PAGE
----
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Does risk based entry to lung cancer screening improve programme efficiency?
Lung cancer screening has the potential to save lives, though optimum methods for implementation in a cost-effective manner are yet to be determined. The PANCAN study (Lancet Oncol 2017;18:1523–31) was the first screening study that used a lung cancer risk prediction algorithm to determine entry into screening. This single-arm prospective study recruited 2537 individuals aged 50–75 with a 2% 6-year risk of lung cancer as calculated by the ‘PANCAN’ risk prediction model, a precursor to the PLCOm2012 model. The investigators report a higher incidence of lung cancers (6.5%) compared with the National Lung Screening Trial (NLST, 4%; P<0.001) and a higher proportion of early stage cancers (77% vs. 57% in NLST and 25% in Canadian non-screening registry data, P<0.001). This suggests scope for an equivalent or better mortality benefit than that reported in NLST. Another interesting finding is the low rate of cancers in patients with no nodules (n=1) compared with those with nodules >1 mm (n=85) and supports the use of less frequent screening in individuals with no nodules on baseline scan. This study has provided compelling evidence for risk-based entry into lung cancer screening to be superior to age and smoking history alone. Such targeted screening may enhance cost-effectiveness of lung cancer screening programmes.
BAP1: a targetable biomarker for rTRAIL treatment of malignant mesothelioma?
To date, no agents have shown significant efficacy in the treatment of malignant mesothelioma (MM), though early in vitro and animal studies have shown promising results with recombinant TNF-related apoptosis inducing ligand (rTRAIL). Kolluri and colleagues (eLIFE 2018;7:e30224) report a series of experiments to identify novel therapeutic agents in MM and elucidate potential mechanisms of action to demonstrate biological plausibility of the association. The investigators used a series of experiments with MM cell lines to screen action of 94 anticancer drugs establishing an association between BRCA associated protein-1 (BAP1) and rTRAIL with subsequent testing. They elucidated the underlying mechanism of action and confirmed their findings using external MM cell lines. The authors have elegantly demonstrated that BAP1, LOF mutations result in modulation of specific proteins that invoke sensitivity to rTRAIL. If these findings are reproduced in human in vivo studies, BAP1 mutations could signify a biomarker for rTRAIL therapy in patients with MM.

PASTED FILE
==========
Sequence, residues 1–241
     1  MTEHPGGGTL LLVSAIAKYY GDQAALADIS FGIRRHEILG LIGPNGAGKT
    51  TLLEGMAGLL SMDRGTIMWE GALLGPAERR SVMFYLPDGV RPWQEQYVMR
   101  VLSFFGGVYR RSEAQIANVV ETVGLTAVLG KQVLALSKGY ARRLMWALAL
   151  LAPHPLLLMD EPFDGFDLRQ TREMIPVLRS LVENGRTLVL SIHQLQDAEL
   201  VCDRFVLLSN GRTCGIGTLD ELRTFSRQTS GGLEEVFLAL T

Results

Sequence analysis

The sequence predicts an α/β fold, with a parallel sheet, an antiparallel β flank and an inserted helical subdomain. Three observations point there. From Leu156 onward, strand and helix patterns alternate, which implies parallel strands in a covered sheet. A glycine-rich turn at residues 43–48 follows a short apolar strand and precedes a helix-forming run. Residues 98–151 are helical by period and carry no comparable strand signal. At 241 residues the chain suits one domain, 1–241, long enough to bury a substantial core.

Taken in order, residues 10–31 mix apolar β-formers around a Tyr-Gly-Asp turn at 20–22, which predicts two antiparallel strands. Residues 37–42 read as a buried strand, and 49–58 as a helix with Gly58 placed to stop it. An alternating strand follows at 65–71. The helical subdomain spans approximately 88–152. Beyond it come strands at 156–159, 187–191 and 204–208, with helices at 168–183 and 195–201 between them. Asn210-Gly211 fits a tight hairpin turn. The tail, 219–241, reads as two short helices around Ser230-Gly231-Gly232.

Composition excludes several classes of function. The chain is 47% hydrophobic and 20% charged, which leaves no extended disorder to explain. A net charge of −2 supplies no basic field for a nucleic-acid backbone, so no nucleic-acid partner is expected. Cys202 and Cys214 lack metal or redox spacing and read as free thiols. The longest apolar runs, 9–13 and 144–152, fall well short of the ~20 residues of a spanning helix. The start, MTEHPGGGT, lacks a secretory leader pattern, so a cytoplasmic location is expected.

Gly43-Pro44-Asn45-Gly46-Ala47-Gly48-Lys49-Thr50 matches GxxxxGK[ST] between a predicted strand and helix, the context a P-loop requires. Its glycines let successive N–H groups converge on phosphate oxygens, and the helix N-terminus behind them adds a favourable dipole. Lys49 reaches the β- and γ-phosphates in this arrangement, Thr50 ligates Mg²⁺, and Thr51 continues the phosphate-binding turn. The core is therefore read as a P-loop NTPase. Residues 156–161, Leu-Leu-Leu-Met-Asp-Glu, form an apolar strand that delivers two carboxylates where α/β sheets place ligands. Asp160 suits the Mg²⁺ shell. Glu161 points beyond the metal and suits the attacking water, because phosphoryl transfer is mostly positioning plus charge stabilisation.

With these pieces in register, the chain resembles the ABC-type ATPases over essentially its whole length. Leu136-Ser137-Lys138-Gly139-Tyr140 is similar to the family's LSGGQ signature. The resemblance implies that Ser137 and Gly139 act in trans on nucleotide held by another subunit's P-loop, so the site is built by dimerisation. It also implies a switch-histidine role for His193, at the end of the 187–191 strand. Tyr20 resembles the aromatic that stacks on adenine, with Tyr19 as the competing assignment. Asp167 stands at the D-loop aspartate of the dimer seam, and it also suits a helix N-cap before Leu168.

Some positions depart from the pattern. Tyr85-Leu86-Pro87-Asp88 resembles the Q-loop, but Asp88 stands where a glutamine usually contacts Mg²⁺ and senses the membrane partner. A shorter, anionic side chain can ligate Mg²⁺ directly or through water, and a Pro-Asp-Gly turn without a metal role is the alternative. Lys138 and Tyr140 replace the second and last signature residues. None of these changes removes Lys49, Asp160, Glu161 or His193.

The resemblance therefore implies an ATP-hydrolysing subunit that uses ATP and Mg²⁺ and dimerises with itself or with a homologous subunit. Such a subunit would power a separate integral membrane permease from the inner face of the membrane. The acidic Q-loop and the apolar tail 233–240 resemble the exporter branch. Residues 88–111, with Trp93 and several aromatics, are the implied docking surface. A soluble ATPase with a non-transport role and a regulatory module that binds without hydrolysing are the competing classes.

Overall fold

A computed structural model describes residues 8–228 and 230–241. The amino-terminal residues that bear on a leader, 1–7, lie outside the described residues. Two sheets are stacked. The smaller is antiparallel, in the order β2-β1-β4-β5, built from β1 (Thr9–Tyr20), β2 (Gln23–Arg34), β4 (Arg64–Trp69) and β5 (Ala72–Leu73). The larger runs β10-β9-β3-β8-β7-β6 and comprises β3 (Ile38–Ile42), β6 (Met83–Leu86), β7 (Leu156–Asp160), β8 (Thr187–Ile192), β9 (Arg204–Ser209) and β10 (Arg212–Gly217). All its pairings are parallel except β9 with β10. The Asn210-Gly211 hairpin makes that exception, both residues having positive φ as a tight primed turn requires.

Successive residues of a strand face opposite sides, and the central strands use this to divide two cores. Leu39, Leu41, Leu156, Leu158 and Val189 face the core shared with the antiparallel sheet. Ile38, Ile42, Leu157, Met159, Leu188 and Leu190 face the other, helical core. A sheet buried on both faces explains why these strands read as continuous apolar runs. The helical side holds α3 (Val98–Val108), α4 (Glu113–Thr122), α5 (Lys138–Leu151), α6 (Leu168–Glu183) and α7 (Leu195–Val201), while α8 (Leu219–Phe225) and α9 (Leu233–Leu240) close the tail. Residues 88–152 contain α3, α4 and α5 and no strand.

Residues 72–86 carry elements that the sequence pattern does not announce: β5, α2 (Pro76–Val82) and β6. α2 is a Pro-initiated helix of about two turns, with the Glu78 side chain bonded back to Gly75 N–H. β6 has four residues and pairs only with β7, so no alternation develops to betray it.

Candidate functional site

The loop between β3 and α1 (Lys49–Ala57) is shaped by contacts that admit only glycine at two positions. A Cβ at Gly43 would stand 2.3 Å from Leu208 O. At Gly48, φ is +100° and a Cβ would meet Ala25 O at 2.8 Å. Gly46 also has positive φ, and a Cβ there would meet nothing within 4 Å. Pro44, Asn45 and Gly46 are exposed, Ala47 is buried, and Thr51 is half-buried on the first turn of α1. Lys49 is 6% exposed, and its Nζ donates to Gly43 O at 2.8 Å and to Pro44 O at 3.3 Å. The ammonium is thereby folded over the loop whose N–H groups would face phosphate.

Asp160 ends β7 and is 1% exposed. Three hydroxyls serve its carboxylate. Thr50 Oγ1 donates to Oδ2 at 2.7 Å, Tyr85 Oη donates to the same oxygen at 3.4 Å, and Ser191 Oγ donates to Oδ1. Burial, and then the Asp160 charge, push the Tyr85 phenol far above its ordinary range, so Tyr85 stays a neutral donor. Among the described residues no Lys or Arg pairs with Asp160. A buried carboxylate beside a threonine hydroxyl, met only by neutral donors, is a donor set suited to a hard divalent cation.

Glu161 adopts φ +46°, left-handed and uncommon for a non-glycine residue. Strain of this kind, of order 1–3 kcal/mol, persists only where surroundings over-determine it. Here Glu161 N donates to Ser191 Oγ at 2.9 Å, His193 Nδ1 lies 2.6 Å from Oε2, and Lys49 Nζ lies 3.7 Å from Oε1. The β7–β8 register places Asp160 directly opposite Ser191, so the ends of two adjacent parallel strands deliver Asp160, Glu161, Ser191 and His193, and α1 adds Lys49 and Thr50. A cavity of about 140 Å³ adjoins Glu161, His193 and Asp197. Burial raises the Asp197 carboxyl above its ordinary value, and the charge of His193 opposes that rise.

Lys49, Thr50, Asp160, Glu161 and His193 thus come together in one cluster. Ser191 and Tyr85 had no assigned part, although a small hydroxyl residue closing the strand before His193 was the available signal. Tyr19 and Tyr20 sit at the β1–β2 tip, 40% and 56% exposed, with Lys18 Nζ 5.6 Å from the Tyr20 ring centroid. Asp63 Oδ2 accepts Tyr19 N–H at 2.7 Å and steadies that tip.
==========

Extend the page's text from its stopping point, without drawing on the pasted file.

Can serum LDH and full blood count determine lung cancer responsiveness to immunotherapy?
In patients with non-small-cell lung cancer (NSCLC) who express PDL-1, immune checkpoint inhibitor (IKI) treatment confers a survival advantage, but currently there is a lack of a clinically accessible tool to identify patients likely to respond. Mezquita and colleagues (JAMA Oncology: doi:10.1001/jamaoncol.2017.4771) used three retrospective datasets to examine the relationship between baseline plasma lactate dehydrogenase (LDH) and derived neutrophil to lymphocyte ratio (dNLR; absolute neutrophil count/(white blood cell concentration – absolute neutrophil count)) with overall survival (OS), progression-free survival (PFS) and response rate (RR). They then used the data to internally and externally validate the LIPI (lung immune prognostic index) score, a composite of dNLR and LDH. In the pooled analysis of the first monocentric and second multicentric cohorts (n=466) of patients treated with IKIs, they found that median OS was 4.8 vs 10.0 vs 16.5 months, and median PFS was 2.0 vs 3.7 vs 6.3 months (both P<0.001) for the poor, intermediate and good LIPI groups, respectively. LIPI group also correlated with RR. The third cohort (n=162) of patients treated only with standard chemotherapy revealed no significant differences in OS or PFS based on LIPI group and no correlation with RR. In summary, poor baseline LIPI score was correlated with poor outcomes with immunotherapy, but not chemotherapy, suggesting a potential role of LIPI as a cost-effective tool to aid precision medicine in IKI treatment of NSCLC.
Does osimertinib improve survival in treatment-naive EGFR-positive non-small-cell lung cancer compared with ‘standard’ tyrosine kinase inhibitors?
Tyrosine kinase inhibitors (TKIs) have become standard therapy for patients with NSCLC with EGFR mutations, extending survival in this patient group. However, resistance to first-generation TKIs limits duration of response. The FLAURA study (NEJM 2018;378:113–25) used a phase III double-blind design to compare osimertinib with standard TKIs (gefitinib or erlotinib). Participants had locally advanced or metastatic EGFR mutation-positive NSCLC and were thus eligible for first-line TKI treatment. The study recruited 556 participants across 132 sites in 29 countries. The primary outcome of PFS was significantly longer in the osimertinib group compared with control (18.9 vs 10.2 months, HR 0.46, 95% CI 0.37 to 0.57, P<0.001). Positive secondary outcomes included lower rate of central nervous system progression (6% vs 15%), longer duration of treatment response (17.2 vs 8.5 months) and greater decrease in lesion size (−54.7% vs −48.5%, P=0.003). The safety profiles were similar in both groups. This study encouragingly suggests that osimertinib has significant clinical benefits over first-generation TKIs and may further improve survival in this patient group.
Funding The author has not declared a specific grant for this research from any funding agency in the public, commercial or not-for-profit sectors.
Competing interests None declared.
Provenance and peer review Commissioned; internally peer reviewed.
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